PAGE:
Take the 2-minute tour ×
Home Improvement Stack Exchange is a question and answer site for contractors and serious DIYers. It's 100% free, no registration required.

Saw a picture of an example of code NEC 300.4 (D) where a furring strip was used and a wire was run parallel to the furring strip. Per the code, the wire was 1 1/4" away from the nearest edge of the furring strip.

enter image description here

This doesn't make sense since the wire has the same chance of getting hit with a nail if the wire was only 1/2" from the furring strip. I realize that this originated from the fact that a hole in a stud has to be 1 1/4" away from the top facing edge of a stud to keep drywall screws from hitting the wire.

But according to this code a wire can be just under the sheetrock as long as it is 1 1/4 " away from the furring strip. I don't understand the logic. Can you please clear up my confusion?

National Electrical Code 2011

ARTICLE 300 Wiring Methods

300.4 Protection Against Physical Damage. Where subject to physical damage, conductors, raceways, and cables shall be protected.

(D) Cables and Raceways Parallel to Framing Members and Furring Strips. In both exposed and concealed locations, where a cable- or raceway-type wiring method is installed parallel to framing members, such as joists, rafters, or studs, or is installed parallel to furring strips, the cable or raceway shall be installed and supported so that the nearest outside surface of the cable or raceway is not less than 32 mm (11⁄4 in.) from the nearest edge of the framing member or furring strips where nails or screws are likely to penetrate. Where this distance cannot be maintained, the cable or raceway shall be protected from penetration by nails or screws by a steel plate, sleeve, or equivalent at least 1.6 mm (1⁄16 in.) thick.

share|improve this question
    
Please don't make radical changes to your questions like that, especially after someone has gone to the trouble of answering the original version. Ask a new question instead. –  Niall C. Jul 15 '13 at 21:25
add comment

1 Answer

I’m not a NEC attorney nor did I stay in that fancy motel last night but one of the “intents” of “the rules” is to reduce the number of material casualties suffered during construction. A sheetrock craftsman won’t use 16-penny nails to mount sheetrock and is highly unlikely to miss the studs or furring strip with a standard drywall nail or screw, hence the 1 1/4” (and metal plates) rules. Mr. Homeowner, while installing a shelving unit for knickknacks might use a 16-penny nail but I’m confident wiring a house with EMT would turn expensive in a hurry.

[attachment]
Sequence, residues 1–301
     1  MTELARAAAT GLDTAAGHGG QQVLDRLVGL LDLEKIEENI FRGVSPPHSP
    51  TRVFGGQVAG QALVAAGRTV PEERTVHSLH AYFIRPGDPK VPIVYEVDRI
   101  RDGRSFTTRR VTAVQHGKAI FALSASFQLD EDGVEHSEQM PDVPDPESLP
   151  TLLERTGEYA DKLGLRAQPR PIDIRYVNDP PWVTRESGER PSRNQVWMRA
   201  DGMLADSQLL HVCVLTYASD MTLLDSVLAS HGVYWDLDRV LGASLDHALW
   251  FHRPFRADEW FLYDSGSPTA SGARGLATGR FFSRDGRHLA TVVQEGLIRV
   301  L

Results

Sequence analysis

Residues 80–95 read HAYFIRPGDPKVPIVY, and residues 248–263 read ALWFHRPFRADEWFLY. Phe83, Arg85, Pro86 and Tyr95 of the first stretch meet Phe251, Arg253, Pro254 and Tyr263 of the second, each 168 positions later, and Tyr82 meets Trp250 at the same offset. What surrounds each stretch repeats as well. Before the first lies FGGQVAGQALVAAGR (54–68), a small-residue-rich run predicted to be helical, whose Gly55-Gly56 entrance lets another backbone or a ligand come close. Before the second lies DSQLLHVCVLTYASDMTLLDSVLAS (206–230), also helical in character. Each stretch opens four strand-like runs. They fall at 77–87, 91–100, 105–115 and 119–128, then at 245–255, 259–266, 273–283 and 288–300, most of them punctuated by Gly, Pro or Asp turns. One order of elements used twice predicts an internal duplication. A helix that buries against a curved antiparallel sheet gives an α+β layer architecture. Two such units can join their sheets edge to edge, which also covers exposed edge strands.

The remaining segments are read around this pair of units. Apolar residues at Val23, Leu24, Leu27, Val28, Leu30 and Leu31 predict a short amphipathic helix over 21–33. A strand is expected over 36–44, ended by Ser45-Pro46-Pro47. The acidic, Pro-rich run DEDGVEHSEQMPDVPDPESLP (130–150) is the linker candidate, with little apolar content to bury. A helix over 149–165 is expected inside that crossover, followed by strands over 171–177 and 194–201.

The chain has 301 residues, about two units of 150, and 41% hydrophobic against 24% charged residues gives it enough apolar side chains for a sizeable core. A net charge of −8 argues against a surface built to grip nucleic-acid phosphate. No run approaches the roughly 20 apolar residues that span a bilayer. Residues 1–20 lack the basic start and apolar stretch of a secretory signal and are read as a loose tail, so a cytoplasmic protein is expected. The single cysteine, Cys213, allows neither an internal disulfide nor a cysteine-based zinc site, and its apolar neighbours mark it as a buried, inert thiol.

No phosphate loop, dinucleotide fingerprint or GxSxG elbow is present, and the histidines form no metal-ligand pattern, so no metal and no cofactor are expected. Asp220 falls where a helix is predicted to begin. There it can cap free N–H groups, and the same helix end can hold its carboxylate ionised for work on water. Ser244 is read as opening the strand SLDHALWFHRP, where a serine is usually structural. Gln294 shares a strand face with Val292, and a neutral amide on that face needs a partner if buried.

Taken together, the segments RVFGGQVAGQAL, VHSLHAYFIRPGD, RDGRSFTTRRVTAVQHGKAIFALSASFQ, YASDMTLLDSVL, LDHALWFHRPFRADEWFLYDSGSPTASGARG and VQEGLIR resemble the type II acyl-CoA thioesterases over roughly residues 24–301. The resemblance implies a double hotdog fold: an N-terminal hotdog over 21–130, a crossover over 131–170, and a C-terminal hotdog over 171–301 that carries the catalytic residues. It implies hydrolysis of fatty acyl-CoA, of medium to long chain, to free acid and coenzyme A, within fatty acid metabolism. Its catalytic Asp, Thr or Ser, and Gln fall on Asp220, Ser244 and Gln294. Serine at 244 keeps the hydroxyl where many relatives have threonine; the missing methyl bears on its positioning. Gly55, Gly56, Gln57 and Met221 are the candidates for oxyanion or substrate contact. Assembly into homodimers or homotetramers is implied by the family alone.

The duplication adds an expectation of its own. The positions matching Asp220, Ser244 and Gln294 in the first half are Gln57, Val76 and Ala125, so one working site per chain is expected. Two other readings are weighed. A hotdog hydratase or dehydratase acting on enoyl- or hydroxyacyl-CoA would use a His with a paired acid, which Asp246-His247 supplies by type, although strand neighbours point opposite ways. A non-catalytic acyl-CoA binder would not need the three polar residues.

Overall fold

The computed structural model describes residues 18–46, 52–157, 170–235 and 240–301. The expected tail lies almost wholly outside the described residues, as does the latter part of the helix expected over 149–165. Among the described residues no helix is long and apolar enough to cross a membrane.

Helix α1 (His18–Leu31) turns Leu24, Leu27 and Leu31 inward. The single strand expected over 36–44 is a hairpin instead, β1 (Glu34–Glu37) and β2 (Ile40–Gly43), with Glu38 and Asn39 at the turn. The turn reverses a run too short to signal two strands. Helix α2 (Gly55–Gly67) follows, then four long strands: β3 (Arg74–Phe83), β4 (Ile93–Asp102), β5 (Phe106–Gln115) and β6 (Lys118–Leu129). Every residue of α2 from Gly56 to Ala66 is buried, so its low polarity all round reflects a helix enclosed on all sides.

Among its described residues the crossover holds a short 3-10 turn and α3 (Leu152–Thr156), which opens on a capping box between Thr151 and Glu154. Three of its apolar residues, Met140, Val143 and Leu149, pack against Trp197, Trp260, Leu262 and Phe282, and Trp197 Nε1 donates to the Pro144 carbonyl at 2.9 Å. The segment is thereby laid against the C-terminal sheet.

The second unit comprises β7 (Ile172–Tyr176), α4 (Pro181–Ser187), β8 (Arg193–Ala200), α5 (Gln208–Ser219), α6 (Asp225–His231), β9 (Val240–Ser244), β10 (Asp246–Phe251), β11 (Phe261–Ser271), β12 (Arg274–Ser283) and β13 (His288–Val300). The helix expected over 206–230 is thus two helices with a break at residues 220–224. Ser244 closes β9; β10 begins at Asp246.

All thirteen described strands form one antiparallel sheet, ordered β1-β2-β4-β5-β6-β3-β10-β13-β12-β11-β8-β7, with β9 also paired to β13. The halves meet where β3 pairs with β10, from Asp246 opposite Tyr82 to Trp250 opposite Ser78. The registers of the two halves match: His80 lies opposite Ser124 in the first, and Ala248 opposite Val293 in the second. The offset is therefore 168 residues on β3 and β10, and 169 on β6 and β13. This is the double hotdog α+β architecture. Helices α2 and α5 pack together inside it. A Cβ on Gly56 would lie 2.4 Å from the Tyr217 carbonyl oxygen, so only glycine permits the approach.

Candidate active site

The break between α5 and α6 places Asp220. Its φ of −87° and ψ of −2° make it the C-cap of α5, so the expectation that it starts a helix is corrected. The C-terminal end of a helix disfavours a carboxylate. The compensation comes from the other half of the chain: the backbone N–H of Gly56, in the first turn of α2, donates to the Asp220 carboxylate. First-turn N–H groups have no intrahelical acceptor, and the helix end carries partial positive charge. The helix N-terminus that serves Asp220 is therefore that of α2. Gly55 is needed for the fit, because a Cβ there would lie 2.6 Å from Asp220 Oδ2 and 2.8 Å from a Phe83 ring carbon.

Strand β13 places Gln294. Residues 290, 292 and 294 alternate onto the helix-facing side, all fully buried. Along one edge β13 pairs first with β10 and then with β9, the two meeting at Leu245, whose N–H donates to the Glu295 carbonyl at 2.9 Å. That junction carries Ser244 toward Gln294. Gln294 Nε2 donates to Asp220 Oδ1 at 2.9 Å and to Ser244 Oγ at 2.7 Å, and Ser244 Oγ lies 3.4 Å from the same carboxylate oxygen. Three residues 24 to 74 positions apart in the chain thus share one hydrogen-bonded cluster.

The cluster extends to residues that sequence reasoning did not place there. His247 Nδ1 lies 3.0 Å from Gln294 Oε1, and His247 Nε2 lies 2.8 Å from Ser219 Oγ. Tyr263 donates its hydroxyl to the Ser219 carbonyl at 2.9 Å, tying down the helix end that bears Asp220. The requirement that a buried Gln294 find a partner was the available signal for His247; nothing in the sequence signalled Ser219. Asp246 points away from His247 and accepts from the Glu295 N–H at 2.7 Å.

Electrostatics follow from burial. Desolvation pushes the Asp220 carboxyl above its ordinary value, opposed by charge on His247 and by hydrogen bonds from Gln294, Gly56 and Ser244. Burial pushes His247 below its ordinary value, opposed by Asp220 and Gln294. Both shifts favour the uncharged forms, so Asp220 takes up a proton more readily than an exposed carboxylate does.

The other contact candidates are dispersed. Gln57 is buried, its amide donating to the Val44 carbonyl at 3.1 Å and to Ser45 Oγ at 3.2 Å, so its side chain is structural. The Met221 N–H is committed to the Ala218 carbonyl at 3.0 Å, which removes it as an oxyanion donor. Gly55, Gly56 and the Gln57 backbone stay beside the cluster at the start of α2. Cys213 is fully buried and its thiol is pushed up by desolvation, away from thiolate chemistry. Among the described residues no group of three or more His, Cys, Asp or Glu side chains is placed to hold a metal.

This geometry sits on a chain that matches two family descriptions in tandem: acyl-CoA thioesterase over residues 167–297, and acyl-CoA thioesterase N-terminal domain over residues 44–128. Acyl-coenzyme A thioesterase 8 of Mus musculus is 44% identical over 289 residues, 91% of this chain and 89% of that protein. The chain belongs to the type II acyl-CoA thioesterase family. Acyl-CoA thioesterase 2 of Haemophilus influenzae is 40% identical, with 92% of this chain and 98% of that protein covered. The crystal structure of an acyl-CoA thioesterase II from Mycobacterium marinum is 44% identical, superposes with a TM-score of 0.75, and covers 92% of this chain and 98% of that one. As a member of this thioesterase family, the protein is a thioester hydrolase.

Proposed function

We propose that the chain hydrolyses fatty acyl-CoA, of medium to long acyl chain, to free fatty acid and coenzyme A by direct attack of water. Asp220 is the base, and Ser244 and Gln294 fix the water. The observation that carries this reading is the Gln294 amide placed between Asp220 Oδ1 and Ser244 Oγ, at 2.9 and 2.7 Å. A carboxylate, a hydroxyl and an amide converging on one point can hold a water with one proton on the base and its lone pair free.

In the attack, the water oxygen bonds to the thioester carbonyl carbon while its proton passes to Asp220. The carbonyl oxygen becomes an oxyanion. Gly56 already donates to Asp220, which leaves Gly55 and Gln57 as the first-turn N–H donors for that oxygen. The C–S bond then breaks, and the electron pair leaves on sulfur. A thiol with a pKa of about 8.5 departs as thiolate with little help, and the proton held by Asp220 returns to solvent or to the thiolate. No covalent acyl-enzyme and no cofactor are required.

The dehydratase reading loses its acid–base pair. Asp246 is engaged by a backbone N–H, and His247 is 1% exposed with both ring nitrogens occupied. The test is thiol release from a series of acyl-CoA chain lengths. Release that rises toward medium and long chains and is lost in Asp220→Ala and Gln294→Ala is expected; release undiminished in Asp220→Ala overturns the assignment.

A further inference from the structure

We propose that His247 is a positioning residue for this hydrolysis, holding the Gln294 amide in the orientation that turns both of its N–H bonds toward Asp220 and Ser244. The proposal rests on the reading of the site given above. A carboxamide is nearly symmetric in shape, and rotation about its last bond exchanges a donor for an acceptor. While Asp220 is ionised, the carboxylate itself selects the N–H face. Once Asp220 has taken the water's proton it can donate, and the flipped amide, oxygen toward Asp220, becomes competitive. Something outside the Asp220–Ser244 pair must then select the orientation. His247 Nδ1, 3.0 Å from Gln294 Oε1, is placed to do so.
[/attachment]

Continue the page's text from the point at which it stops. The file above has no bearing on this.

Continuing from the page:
share|improve this answer
    
Ouch. Changing your question makes my answer look like I've been hittin' the bottle. (grin) Where did you see that 14awg rule and why would 14awg differ from 12awg? The intent is to prevent standard mounting devices (nails and screws) from breaching the insulation, 1 1/4" deemed a safe distance under "normal" or "typical" installations. –  JoeFromOzarks Jul 15 '13 at 21:25
    
@JoeFromOzarks Changing the question like that is considered bad form on this site; I've rolled it back and asked the OP to open a new question. –  Niall C. Jul 15 '13 at 21:30
    
Thank you Niall. I'm new here too. :) –  JoeFromOzarks Jul 15 '13 at 21:40
    
Sorry, Niall. Thanks for rolling it back. @JoeFromOzarks Thanks for your reply. I used 14 AWG; should apply to other common wire. –  BobJax Jul 15 '13 at 22:31
    
Seems like the solution is to state that if wiring is placed where furring strips are used, the furring strip must be thick enough that wiring can be placed under the furring strip (attached to the wall) and be 1 1/4" from the top edge of the wood. When wiring is parallel to the furring strip, the furring strip must thick enough so that the wiring can be attached 1 1/4" from the top facing edge of the wood. Basically 3/4" thick furring strips would have to be doubled. When asked how the illustrator of the picture came up with his interpretation, there was no answer (that I could find). –  BobJax Jul 17 '13 at 13:14
show 8 more comments

Your Answer

 
discard

By posting your answer, you agree to the privacy policy and terms of service.

Not the answer you're looking for? Browse other questions tagged or ask your own question.